So we have the story of the ten bridesmaids. A shallow reading says that we need to grab all the oil we can and hold onto it as tight as we can. But such a reading goes against much of what Jesus teaches in Matthew’s Gospel:

Give to everyone who begs from you,
and do not refuse anyone who wants to borrow from you.
(Matthew 5:41)

In everything do to others as you would have them do to you; for this
is the law and the prophets.
(Matthew 7: 12)

So let us concede that these verses are not about imitating the oil cartels; Something else is going on. I want to offer you two thoughts:

First, what if the oil is not a thing, but that which allows us to shine like a lamp set on a lampstand or a city set on a hill? If it is the way that faith animates our lives, this is not something that can be given. Yes, our prayers can help sustain people in the wilderness, but ultimately we are also each responsible for the state of our own faith. We burn out when we have not replenished that which fuels our souls. As my seminary professor Robert Moore would say, “Stay prayed up.”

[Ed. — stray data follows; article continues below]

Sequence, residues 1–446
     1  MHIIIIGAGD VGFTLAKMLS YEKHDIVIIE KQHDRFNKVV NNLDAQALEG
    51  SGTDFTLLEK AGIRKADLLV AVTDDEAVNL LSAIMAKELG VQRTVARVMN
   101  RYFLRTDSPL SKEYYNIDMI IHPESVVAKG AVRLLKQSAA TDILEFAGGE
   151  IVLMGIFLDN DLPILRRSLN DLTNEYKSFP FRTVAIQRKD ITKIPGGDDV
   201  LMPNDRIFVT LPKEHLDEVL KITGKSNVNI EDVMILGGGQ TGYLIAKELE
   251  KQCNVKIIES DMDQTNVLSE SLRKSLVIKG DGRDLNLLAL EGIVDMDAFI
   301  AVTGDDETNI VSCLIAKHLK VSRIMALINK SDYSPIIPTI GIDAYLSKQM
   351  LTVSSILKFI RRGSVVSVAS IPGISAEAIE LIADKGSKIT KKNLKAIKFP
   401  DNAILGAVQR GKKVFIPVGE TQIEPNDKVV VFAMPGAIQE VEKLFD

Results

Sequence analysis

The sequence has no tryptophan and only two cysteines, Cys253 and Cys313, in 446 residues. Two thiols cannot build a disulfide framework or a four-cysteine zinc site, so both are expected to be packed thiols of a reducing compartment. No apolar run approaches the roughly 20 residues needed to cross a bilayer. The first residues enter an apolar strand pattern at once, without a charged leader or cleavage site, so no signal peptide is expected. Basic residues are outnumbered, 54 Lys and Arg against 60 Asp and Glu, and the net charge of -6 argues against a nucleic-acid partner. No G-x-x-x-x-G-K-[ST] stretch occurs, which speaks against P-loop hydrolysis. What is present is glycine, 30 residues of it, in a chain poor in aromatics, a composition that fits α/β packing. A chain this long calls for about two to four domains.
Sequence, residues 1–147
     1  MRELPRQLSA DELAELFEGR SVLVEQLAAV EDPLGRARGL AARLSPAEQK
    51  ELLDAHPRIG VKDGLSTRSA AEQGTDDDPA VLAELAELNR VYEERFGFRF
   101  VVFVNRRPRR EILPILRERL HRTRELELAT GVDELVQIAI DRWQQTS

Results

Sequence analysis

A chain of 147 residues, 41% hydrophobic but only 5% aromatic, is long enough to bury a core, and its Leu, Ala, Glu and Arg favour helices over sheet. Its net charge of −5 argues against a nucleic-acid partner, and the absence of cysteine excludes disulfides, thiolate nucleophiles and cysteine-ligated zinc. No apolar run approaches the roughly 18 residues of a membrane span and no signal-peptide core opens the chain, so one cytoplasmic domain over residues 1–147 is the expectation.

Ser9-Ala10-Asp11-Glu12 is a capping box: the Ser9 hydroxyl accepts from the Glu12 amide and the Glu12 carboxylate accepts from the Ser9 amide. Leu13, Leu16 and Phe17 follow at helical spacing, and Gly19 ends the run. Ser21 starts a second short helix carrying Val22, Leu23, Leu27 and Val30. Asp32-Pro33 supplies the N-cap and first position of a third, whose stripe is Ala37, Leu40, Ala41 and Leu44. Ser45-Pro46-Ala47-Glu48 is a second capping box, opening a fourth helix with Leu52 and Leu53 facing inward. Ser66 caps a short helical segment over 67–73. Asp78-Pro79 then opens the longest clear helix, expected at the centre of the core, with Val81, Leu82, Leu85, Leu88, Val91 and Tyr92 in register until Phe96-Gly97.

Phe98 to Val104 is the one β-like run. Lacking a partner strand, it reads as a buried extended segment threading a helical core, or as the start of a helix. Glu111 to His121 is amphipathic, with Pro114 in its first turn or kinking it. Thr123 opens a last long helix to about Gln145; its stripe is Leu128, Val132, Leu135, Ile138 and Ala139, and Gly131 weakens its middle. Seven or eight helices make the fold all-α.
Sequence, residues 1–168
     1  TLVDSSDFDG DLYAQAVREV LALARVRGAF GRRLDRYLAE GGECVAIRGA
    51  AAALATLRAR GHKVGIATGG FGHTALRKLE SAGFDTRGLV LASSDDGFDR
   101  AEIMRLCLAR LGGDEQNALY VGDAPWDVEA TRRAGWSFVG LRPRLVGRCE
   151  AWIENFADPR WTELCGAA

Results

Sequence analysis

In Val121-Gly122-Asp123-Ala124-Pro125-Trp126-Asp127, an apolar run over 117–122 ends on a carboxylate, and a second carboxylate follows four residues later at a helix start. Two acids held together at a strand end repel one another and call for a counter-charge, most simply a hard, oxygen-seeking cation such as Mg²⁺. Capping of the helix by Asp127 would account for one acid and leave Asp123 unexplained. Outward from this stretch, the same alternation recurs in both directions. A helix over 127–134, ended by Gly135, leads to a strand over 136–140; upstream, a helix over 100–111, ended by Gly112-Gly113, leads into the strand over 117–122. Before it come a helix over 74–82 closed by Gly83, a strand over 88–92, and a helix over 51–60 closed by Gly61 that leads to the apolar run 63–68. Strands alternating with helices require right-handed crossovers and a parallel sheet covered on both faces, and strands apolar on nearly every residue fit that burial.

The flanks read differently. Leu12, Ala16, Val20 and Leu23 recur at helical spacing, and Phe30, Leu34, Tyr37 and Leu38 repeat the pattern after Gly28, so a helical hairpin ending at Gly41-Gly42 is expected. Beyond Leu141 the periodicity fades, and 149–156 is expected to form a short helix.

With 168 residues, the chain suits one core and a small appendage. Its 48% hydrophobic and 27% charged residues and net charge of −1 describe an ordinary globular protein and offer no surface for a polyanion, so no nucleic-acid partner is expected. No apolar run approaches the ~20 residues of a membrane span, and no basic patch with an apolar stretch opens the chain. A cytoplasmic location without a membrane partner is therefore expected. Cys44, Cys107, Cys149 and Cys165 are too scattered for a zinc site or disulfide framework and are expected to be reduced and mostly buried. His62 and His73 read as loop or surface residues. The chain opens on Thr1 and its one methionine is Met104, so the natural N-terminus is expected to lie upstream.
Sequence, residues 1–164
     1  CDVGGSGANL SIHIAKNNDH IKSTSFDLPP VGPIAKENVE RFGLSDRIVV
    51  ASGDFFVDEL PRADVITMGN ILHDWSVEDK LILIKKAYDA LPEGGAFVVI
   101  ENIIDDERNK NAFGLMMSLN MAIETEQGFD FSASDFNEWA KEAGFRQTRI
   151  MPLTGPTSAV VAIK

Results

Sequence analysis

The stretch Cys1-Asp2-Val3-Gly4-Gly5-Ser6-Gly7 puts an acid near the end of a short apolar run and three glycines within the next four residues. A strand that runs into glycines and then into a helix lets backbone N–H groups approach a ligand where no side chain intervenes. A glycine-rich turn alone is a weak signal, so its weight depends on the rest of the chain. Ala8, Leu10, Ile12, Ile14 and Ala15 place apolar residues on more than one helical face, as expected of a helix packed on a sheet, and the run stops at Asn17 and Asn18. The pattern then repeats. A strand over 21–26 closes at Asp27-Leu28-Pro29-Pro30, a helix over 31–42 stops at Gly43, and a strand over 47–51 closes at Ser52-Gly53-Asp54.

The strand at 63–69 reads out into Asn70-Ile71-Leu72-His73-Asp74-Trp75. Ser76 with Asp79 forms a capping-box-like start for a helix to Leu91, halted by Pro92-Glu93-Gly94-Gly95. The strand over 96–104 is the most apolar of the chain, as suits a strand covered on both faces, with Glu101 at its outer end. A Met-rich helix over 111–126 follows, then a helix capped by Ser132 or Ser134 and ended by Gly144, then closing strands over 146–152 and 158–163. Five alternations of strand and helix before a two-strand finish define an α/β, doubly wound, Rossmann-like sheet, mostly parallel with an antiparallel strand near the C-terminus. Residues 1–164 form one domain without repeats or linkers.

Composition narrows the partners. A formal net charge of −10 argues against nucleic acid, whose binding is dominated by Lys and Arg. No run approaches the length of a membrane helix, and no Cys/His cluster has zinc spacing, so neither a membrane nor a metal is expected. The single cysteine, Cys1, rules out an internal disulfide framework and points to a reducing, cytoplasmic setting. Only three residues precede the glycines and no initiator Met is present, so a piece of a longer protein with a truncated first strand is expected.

Second, the problem is not that the bridesmaids do not know the bridegroom, it is that the bridegroom does not know them.

It does not say we do not know Jesus. Everyone in the United States, whether Christian or not, knows Jesus. Billboards and t-shirts and TV programs and churches in every town means everyone knows Jesus. Whether it is an accurate picture or not is open to debate, but everyone knows Jesus.

Similarly, I can say I know the great Old Testament scholar Walter Brueggemann. I have almost all of his books, have read many of them, have seen him speak a time or two, have met him on multiple occasions, and I’ve even had lunch with him.

So, yeah, I know Uncle Walt. But does he know me? He has taught hundreds of classes, thousands of students, met a few gazillion pastors. The chances that he knows me are fairly slim.

It takes time spent together over years to really know someone. It takes many meals, many late night talks, many moments of vulnerability to know and be known.

If we are going to follow Jesus into the practice of justice and righteousness, it is going to take a lot of time together.

Come to me,
all you that are weary and are carrying heavy burdens,
and I will give you rest.

Thanks be to God.
Amen.